Following the recommendations of a report just released by its Counterfeit Task Force, the FDA has decided to allow pedigree requirements for prescription drugs to go into effect in December because pharmaceutical manufacturers have failed to adopt the electronic track-and-trace technology on the scale the agency urged them to implement by 2007.
The FDA also said it would establish priorities for its pedigree-enforcement program by focusing its resources on the drug products that are most likely to be counterfeited or diverted.
A pedigree is a record of all transactions a drug goes through, from the manufacturing plant to the dispensing pharmacy. The 1987 Prescription Drug Marketing Act (PDMA) established paper pedigree requirements. Under the requirement, each person who is engaged in the wholesale distribution of a prescription drug in interstate commerce, who is not the manufacturer or an authorized distributor of record for that drug, must provide to the person who receives the drug a pedigree for that drug. The PDMA states that an authorized distributor of record is a wholesaler that has an "ongoing relationship" with a manufacturer to distribute that manufacturer's drug. However, the PDMA does not define "ongoing relationship."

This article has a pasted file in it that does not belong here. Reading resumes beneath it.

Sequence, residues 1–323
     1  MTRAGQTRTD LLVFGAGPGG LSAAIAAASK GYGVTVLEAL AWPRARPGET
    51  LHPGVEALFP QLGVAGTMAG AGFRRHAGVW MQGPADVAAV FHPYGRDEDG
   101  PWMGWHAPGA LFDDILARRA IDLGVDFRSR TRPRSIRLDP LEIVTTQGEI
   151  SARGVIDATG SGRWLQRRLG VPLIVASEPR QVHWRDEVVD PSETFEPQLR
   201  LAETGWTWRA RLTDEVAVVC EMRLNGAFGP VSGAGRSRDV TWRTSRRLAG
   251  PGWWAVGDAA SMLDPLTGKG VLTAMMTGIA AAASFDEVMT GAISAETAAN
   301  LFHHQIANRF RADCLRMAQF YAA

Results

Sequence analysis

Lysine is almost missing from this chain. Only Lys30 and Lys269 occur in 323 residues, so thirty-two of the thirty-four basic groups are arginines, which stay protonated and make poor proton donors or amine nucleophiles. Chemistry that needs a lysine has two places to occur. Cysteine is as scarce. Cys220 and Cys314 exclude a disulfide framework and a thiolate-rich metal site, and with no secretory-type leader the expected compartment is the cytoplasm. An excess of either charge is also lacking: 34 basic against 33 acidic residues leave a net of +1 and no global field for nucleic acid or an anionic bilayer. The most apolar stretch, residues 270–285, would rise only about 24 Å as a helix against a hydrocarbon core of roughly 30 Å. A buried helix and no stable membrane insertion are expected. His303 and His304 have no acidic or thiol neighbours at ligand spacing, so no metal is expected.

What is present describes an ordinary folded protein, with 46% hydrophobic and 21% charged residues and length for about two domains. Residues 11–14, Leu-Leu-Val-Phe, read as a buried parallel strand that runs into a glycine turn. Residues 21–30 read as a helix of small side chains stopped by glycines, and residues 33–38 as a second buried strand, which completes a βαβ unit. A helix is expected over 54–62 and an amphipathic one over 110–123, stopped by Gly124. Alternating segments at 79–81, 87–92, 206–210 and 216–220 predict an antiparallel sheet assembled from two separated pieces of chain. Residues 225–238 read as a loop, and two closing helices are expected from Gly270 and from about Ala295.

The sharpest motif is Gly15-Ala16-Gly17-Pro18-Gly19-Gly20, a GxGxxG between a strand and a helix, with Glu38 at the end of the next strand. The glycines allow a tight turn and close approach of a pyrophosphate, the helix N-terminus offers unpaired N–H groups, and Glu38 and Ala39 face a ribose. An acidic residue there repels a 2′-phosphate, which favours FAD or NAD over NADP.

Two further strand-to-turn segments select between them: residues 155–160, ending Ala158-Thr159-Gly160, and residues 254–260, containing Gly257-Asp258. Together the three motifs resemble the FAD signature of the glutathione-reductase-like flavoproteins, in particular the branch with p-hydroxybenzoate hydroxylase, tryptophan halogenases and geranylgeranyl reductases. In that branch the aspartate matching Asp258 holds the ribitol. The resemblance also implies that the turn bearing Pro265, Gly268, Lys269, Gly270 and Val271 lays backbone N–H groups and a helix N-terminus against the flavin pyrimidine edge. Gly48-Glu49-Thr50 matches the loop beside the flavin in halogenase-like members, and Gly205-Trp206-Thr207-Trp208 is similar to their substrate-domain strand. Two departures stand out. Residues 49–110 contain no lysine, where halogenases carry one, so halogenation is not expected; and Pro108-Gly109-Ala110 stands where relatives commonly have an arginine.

The FDA issued final regulations governing pedigrees in 1999 that were to go into effect in December 2000. However, after receiving negative comments on the regulations, the agency delayed the effective date several times.
In February 2004, the FDA again delayed the effective date, believing the industry would voluntarily adopt electronic track-and-trace technology. In fact, the agency urged industry to adopt such technology -- giving special emphasis to radio-frequency identification tags -- in its final Counterfeit Drug Task Force report issued that same month. A recent report found that only about 10 prescription drug products are expected to contain RFID tags on a large scale this year.
But the FDA said it will not stay the pedigree requirement after Dec. 1 of this year, meaning wholesalers who are not authorized distributors will have to provide pedigrees.
The agency also issued a draft compliance policy guide for public comment in which it said that during the next year it would focus its enforcement efforts on drug products most vulnerable to counterfeiting and diversion. These products include drugs with a high value in the U.S. market, drugs that are easily counterfeited and drugs with prior indicators -- such as drugs that were involved in diversion cases or counterfeiting -- including Tamiflu, Viagra, Cialis, Procrit, Zyprexa and Lamisil, officials said. (http://www.fdanews.com/did/5_114/)